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Its a different kind of boom and bust to Keynes's day. Or rather a perpetual boom/stimilus, to push assets prices through the roof for the rich and save banker skins. Sure Keynes would have been very taxed by the massive global balances and would/Could not have forseen a resurgent mercantalist China. Now doubt' he's "spinning in his grave" right now, at how his economic idea's have become abused and perverted for vested interest of the few!

He's in exalted company. Marx lived to say that if these people are Marxists then I most certainly am not. Christ would've been equally appalled at so-called christians from St.Paul to St.Blair.

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He's in exalted company. Marx lived to say that if these people are Marxists then I most certainly am not. Christ would've been equally appalled at so-called christians from St.Paul to St.Blair.

Keynes wouldnt have liked the Labour policies, nor the current Tory ones.

Too true what you say about Marx. In the biggest irony of all, the leader who came closest to his ideas that I can think of, was Margaret Thatcher. She built her policies around ensuring that workers came first with regards to state policy, not the hangers on of benefit claimants or public sector workers. This was to encourage people to work for themselves and generate wealth, and necessitated that they keep as much of the generated wealth themselves. Marx would have approved.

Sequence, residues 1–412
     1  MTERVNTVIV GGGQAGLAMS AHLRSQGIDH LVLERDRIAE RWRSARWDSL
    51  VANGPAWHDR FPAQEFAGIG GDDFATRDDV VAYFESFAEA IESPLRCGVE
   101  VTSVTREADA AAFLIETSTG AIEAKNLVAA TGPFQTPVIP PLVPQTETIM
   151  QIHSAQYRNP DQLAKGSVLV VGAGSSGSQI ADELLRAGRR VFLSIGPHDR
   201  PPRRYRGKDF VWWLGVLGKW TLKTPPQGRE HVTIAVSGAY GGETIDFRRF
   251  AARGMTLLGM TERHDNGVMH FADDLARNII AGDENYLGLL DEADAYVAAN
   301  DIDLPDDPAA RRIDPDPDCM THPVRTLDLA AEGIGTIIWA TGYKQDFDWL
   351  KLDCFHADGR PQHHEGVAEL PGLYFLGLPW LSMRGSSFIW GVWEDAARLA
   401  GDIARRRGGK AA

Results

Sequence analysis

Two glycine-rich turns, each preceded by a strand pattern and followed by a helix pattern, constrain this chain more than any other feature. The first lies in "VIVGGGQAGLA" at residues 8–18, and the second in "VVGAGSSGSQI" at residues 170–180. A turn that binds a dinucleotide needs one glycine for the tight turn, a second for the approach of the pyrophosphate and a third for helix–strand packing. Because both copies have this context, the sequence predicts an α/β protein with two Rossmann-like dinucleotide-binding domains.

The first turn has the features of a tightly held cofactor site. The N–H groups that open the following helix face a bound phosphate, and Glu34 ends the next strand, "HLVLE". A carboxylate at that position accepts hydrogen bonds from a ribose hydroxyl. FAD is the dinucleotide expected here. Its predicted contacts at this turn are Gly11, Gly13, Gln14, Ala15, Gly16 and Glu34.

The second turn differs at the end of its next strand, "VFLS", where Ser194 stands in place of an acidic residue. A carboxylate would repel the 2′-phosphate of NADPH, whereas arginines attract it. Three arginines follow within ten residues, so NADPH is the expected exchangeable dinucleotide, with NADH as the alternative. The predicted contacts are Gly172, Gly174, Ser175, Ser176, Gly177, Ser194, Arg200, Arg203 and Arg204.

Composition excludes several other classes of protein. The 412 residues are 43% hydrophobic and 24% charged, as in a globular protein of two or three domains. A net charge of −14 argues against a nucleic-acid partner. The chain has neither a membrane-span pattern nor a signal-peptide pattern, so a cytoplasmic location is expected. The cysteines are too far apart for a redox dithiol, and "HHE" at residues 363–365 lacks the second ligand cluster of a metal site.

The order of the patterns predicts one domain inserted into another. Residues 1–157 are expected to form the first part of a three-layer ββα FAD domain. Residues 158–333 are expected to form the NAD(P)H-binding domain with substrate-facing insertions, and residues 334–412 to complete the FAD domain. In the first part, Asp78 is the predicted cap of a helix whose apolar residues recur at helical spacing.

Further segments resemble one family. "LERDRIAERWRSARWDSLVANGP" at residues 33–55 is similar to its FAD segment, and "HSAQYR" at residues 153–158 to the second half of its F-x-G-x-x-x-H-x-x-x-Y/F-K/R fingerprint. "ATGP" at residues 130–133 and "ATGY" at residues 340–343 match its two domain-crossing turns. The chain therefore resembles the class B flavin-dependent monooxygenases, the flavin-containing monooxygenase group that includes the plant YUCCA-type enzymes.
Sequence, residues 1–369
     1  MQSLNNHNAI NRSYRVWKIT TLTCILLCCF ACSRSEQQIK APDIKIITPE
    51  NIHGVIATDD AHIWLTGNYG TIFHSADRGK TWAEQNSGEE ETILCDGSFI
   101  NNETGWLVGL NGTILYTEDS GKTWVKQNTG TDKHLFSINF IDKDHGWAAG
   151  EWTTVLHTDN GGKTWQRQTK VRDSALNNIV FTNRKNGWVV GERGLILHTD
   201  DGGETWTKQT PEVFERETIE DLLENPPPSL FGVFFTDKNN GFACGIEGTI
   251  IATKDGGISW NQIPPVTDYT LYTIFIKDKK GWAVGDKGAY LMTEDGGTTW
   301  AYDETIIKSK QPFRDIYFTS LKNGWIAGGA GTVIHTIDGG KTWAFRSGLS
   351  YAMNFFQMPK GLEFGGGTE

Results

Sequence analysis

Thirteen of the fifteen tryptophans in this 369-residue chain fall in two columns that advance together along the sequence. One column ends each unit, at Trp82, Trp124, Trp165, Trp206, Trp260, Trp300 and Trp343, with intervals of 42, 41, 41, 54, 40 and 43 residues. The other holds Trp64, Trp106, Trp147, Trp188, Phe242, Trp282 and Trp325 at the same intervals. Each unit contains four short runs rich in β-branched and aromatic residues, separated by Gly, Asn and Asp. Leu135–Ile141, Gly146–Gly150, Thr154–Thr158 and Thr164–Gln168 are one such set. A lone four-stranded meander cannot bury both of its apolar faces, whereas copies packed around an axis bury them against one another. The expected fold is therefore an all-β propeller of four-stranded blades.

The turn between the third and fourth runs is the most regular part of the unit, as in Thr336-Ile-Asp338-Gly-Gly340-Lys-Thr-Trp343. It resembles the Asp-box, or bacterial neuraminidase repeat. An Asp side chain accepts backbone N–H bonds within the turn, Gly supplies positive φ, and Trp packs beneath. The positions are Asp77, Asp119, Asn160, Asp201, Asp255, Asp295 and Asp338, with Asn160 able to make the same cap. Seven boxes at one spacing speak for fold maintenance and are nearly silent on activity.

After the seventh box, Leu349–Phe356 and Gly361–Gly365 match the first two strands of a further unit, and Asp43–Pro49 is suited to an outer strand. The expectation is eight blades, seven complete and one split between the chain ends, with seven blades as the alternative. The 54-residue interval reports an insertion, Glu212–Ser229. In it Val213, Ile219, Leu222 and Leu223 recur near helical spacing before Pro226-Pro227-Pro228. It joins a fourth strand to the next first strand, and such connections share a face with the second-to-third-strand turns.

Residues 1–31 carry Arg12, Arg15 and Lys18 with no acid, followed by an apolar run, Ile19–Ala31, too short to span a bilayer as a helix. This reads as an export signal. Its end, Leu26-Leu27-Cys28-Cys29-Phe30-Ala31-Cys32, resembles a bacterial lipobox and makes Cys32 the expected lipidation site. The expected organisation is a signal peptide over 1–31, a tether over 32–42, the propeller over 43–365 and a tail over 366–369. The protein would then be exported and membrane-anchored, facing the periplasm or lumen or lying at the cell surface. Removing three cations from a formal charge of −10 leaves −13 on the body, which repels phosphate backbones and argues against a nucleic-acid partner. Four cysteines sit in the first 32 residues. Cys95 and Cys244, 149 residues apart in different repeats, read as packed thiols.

As for the current policy of taxing the private sector to death as they are flagellated by the inexorable logic of global wage arbitrage, I dont think Keynes or Marx or Thatcher would have thought that was a wise thing to do.

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Ahh, Keynes. Keynes the 'govt should never exceed 25% of the economy' 'Keynes the 'save when things are good' proponent.

Why does anyone quote or write about Keynes? Has any british govt ever actually implimented and stuck to his ideas?

Keynesianism is impossible to achieve in a popular democracy. The guardian, as usual, is flogging a dead horse.

And the writer is an idiot for not seeing through govt stats and confusing inflation for growth. Liebours 'expansionary' economic policies have made everyone poorer, and caused everyones food and fuel bills soar. It took liebour 10 years to realise this in the 70s, it'll probably take as long this time.

At the risk of actually talking about Keynes, rather than just inventing things about him, ala Guardian, what was his view on globalisation?

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Too true what you say about Marx. In the biggest irony of all, the leader who came closest to his ideas that I can think of, was Margaret Thatcher.